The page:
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What do we learn of the role played by Crooks in the text?

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Introduction

What do we learn of the role played by Crooks in the text? In your answer you should refer to the wider context of the text. Crooks is introduced in the beginning of the text as the ?stable buck? of the ranch, and one feature of him that is highlighted significantly is the way in which he is addressed by the others on the ranch, often with derogatory references. Crooks is placed in a setting in which he is the only black man of the ranch, and because the text is set in a time where racism was prominent, he is often discriminated against. Candy describes the boss as ?[giving] him hell when he?s mad?, despite Candy himself describing Crooks as a ?nice fella? with a ?crooked back?. ...read more.

Middle

One example of Crooks standing up for his rights is shown when Crooks shows enough pride to demand Curley?s wife to leave his bunk: ??I had enough, he said coldly. ?You got no rights comin? in a coloured man?s room??. However this short burst of pride and independence, like many other people?s, is quickly reversed when Curley?s wife threatens to falsely accuse him of committing a crime which would ultimately see Crooks lynched, and Crooks quickly withdraws by ?reducing himself to nothing?. Crooks also represents mankind in another way by the fact that he revels in taunting Lennie, suggesting that like many others, he has also been broken inside and feels the need to have power over someone else. ...read more.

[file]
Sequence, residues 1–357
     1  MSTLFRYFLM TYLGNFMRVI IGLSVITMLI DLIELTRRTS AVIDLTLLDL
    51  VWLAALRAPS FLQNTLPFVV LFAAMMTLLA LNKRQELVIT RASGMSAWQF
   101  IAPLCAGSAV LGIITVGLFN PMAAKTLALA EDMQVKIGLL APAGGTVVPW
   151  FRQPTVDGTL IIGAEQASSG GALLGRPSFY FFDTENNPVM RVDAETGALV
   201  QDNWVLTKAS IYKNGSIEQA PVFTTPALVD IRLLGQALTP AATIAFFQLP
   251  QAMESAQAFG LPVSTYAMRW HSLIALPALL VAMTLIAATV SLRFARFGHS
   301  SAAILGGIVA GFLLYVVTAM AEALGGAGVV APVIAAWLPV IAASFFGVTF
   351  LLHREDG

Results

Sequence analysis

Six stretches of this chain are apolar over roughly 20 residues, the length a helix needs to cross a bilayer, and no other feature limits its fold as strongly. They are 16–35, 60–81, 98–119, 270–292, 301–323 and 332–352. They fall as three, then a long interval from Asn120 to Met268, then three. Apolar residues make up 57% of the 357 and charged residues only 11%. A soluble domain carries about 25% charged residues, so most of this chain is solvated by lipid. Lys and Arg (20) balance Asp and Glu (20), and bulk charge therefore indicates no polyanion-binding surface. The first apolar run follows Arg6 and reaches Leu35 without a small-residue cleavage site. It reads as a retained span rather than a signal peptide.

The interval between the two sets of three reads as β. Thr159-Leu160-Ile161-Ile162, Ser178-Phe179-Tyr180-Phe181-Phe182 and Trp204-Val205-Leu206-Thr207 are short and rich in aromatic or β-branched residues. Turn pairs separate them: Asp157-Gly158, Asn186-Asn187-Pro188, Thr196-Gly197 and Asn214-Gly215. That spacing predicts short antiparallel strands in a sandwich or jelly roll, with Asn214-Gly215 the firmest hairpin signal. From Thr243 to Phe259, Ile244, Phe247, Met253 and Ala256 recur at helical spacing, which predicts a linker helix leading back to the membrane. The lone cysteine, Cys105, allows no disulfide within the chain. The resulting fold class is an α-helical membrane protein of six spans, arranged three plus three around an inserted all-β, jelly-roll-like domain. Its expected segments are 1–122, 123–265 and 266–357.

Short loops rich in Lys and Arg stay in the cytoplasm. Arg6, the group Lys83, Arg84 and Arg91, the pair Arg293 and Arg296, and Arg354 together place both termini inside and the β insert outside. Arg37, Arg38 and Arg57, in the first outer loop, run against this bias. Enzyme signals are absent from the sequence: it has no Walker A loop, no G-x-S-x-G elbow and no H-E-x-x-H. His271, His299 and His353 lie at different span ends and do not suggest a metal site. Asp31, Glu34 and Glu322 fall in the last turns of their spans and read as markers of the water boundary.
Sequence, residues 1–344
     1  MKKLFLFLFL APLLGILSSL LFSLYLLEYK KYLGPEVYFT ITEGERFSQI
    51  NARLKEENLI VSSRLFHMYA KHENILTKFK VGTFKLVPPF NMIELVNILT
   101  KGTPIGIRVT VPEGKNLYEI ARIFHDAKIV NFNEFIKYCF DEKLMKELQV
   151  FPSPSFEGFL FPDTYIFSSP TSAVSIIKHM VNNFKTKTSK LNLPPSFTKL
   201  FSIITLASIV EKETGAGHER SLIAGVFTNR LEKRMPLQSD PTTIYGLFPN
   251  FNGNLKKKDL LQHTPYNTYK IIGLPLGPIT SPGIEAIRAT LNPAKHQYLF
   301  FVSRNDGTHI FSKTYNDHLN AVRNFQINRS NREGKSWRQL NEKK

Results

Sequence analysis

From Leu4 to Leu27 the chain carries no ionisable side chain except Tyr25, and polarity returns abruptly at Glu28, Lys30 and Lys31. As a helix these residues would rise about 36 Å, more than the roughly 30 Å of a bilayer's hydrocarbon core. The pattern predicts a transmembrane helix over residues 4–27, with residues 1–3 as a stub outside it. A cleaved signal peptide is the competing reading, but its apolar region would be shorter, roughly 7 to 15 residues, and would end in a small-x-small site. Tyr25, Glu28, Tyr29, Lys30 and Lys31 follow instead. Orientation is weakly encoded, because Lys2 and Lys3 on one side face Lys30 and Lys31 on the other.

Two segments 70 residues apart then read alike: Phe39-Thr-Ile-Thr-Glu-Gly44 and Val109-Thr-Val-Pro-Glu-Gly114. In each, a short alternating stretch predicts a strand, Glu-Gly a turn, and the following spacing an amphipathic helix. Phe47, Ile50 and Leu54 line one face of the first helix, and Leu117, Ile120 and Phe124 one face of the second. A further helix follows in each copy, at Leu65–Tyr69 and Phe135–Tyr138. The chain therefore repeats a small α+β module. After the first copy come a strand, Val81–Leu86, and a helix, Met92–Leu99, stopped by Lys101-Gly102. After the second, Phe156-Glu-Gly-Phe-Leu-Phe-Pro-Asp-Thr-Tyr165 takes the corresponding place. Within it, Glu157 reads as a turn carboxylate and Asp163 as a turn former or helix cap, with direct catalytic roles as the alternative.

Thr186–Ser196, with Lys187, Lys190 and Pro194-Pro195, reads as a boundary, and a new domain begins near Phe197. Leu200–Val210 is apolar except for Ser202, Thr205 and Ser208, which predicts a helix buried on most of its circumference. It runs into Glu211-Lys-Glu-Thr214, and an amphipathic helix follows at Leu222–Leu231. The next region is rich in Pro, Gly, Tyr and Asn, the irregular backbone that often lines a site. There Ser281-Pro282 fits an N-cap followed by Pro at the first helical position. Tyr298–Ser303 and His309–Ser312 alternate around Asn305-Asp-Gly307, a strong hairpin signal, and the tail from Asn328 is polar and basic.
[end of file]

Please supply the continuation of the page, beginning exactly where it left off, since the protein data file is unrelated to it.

Conclusion

His withdrawal from participating in the dream also serves as another warning that the dream is likely to be crushed, when he changes his mind saying that he was ?Jus? foolin??, and ?Wouldn?t want to go no place like that?. This change from his previous willingness to participate in the dream also again represents the cycle in which Crooks is able to exert his willpower and use his independence, only to withdraw soon afterwards. The continuous cycle of this relates to the struggles of man during the depression era, and strongly links to the Dream as the Dream becomes something that at times seems close, while at other times seems impossible. ...read more.

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